Electric cars don’t play nice in freezing temperatures. That’s because the battery’s chemistry is affected by the lower temperatures, whereas ideal conditions allow the energy to flow more freely.

But not all EVs are created equal, as is the case with just about everything in this world of ours. Some battery-powered cars offer up to 80% of their original EPA range when the thermometer drops to 32F, while others can conk out after traveling for half the advertised EPA range.

Get Fully Charged

Real-world driving data sheds light on winter range loss

Data from Recurrent Auto shows that EVs lose about 30% of their range on average when driving at 32 degrees Fahrenheit compared to ideal conditions. The drops are bigger when compared to the original EPA figure.

Thanks to new data from Recurrent Auto, which analyzed over 10,000 EVs in the United States using its onboard diagnostics dongle, we can get a pretty good idea of what to expect in the winter from some of the most popular EVs on U.S. roads.

Recurrent’s main chart, embedded below, shows range loss in freezing temperatures for 12 popular battery-powered cars in the U.S. as compared to the range in the ideal driving temperature. In other words, the higher range figure shown in yellow is not the official EPA rating (more on this further down in the article). Instead, it’s the highest average driving range that was observed by the Recurrent community of drivers at the ideal temperature for each specific model.

In this type of comparison, the Volkswagen ID.4 saw a 46% drop in its winter range, which is about 130 miles on a full charge. On the other end of the spectrum is the Audi e-tron which lost just 16% of its driving miles in 32F compared to the highest average observed range in ideal temperatures.

The Tesla Model Y, Model 3, and Model X had a 24% decrease, while the Model S was a bit worse at 28% less winter range. Again, these percentages are relative to the observed driving ranges in ideal conditions and not to the official EPA figures–those are worse, as you’ll see below.

It’s worth noting that the verified winter range figures include all real-world variables, such as uneven terrain, variable driving speeds and uses, as well as battery aging, Recurrent claims.

But what about the observed real-world driving range compared to the official EPA figure? Well, the differences are a bit more dramatic, as some EVs have a hard time reaching their advertised range figures in ideal conditions, too, not just in cold weather. At the same time, other electric cars exceed their EPA ranges in real-world conditions.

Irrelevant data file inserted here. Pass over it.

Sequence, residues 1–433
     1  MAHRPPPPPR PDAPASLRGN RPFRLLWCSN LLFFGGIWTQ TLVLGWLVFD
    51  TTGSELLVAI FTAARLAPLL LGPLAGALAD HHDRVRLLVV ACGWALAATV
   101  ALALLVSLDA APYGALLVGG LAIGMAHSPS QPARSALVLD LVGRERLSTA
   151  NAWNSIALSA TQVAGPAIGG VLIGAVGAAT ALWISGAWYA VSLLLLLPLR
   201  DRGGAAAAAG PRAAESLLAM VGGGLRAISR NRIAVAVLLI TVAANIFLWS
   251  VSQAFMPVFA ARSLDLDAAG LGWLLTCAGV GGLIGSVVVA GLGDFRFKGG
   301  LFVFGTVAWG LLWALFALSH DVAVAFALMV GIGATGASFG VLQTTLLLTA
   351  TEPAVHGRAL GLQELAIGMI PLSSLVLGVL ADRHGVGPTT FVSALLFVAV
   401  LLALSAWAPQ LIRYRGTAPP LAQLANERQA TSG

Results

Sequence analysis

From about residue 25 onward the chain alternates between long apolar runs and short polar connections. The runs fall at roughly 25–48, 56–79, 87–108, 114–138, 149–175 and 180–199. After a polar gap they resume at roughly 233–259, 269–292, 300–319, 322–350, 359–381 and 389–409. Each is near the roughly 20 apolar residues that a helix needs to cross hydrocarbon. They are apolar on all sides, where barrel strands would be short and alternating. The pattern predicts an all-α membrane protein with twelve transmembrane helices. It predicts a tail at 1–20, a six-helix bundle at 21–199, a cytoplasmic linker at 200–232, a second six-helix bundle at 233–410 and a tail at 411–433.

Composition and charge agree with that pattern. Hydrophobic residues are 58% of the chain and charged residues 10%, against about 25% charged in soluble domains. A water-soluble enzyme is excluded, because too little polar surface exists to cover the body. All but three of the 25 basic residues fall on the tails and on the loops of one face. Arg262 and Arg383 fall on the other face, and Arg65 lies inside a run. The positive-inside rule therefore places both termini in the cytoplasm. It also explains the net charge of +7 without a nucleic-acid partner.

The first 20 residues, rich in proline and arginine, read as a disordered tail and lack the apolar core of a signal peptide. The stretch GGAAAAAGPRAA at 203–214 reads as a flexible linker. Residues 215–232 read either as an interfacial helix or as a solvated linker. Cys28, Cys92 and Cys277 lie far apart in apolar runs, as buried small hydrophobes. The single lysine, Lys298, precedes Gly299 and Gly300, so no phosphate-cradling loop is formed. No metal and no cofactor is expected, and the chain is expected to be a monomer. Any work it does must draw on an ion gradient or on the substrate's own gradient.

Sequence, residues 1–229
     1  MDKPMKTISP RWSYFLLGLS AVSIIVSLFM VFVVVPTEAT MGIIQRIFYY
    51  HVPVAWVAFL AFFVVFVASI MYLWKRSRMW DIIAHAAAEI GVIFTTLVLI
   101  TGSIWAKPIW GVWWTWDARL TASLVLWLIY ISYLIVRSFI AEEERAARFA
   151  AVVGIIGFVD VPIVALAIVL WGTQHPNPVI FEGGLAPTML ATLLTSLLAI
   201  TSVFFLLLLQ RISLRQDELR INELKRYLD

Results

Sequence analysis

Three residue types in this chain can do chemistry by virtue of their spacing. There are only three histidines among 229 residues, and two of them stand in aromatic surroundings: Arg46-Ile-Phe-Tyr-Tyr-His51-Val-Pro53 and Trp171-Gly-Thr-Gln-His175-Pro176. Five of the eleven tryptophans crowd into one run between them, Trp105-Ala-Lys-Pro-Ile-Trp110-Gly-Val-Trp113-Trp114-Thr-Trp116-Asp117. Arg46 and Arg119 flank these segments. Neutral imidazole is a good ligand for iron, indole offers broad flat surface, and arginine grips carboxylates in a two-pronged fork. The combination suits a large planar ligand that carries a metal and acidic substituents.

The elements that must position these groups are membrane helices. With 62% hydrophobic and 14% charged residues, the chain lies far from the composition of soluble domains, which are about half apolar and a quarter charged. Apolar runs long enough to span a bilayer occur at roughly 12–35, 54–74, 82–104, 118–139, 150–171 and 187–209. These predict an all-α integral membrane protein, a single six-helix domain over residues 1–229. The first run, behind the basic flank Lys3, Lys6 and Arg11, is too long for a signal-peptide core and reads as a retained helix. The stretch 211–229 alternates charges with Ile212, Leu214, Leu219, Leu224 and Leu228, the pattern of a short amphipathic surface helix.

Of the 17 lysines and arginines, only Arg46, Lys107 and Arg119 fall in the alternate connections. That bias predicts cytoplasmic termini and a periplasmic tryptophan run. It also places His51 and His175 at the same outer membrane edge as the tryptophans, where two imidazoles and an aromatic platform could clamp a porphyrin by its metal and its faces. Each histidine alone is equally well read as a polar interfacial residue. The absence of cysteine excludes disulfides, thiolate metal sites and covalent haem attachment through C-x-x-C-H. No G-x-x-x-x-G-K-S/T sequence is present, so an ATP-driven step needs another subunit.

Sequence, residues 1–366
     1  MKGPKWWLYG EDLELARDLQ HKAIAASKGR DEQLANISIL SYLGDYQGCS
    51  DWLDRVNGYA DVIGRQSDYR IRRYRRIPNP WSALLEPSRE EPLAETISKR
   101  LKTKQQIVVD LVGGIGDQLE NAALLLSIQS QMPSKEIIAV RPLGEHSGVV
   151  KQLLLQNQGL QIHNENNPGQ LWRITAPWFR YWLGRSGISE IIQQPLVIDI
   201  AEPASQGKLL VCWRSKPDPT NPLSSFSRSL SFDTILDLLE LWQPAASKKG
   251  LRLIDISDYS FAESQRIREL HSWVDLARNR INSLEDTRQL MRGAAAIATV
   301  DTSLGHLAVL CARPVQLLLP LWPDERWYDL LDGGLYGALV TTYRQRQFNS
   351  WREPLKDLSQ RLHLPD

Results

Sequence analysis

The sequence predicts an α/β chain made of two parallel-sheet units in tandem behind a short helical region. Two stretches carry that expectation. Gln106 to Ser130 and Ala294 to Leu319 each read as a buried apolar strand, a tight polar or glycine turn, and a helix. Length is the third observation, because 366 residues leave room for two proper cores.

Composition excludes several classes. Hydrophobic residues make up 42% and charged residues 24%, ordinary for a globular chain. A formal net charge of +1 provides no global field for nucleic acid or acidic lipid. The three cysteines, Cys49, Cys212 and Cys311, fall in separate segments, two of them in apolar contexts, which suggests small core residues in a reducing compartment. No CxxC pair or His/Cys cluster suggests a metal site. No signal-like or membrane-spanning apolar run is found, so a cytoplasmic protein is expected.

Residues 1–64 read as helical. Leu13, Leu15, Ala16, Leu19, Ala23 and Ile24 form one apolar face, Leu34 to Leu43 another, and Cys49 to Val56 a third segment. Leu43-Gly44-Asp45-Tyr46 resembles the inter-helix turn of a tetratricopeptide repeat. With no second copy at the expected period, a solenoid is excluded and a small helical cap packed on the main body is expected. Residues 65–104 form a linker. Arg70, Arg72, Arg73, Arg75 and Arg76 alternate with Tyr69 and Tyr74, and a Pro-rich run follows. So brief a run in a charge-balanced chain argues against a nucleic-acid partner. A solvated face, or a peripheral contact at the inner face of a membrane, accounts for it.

The 2016-2017 Volkswagen e-Golf is the best at offering the most miles in the winter when compared to the advertised range, according to Recurrent Auto’s research, retaining 88% of its original EPA range at 32F. When driving in ideal conditions, the e-Golf is capable of offering 111% of its advertised range, so more than what the windows sticker says. Some e-Golf trims came with a heat pump.

The 2022-2021 Hyundai Kona electric is next on the list of 18 models included by Recurrent in its detailed analysis of cars that have available data for observed range (some models in there use the range estimate that’s shown on the dashboard, but we excluded those from this piece).

According to the company behind this data, the Korean crossover retained 84% of its original EPA range when driving at an ambient temperature of 32F without a heat pump, while the observed maximum range was 130% of the EPA figure.

The 2021-2022 Audi e-tron is third on the list with the German crossover retaining 80% of its original EPA range when driving in freezing conditions. The 2021-2022 e-tron came with a heat pump as standard, while the 2023 model does without one.

The 2017-2022 Chevrolet Bolt EV lost 32% of its EPA range when driving in the winter, the 2021 Ford Mustang Mach-E and 2022-2023 F-150 Lightning saw their winter ranges drop by 36%, while the aging 2015 Nissan Leaf was hit with a 42% decrease. The 2021 Volkswagen ID.4 was capable of driving 65% of its original EPA range in the winter. 

None of these models came with a heat pump. They rely on a resistive heater to provide warm air to the cabin, which is less energy efficient.

As for Tesla, the gaps between the advertised range and the observed winter range are the biggest on Recurrent’s list. That’s because the American EV maker has a pretty hard time matching its EPA range in ideal conditions, too, not just in cold weather, and is known for “gaming” the on-board range estimates seen by the drivers on the cars’ screens.

Heck, a Reuters investigation even pointed out that Tesla had a special team of people who were tasked with suppressing thousands of driving range complaints from its customers. Furthermore, as Recurrent points out, Tesla’s EVs have a very robust and aggressive thermal management system for the high-voltage battery that kicks in at both high and low temperatures to protect the pack in the long term, but because of this, the range estimate shown on the screen can fluctuate.

As per the study, the Tesla Model S lost 55% of its original EPA range when driving in 32F. The Model X and Model Y were a bit better with a 52% reduction for each, while the Model 3 was the most efficient but still lost 50% of its advertised range when driving in the winter.

So take that as you may. As you can see, all EVs are affected by freezing temperatures, but some are better than others at preserving more of their official EPA figures. That can play a big role in toning down range anxiety, but at the end of the day, it’s all about knowing your car. If you know you have to recharge once every 100 miles instead of stopping every 200 miles, you’re good. But that’s like knowing you’re being cheated on and accepting it anyway.

Got a tip for us? Email: tips@insideevs.com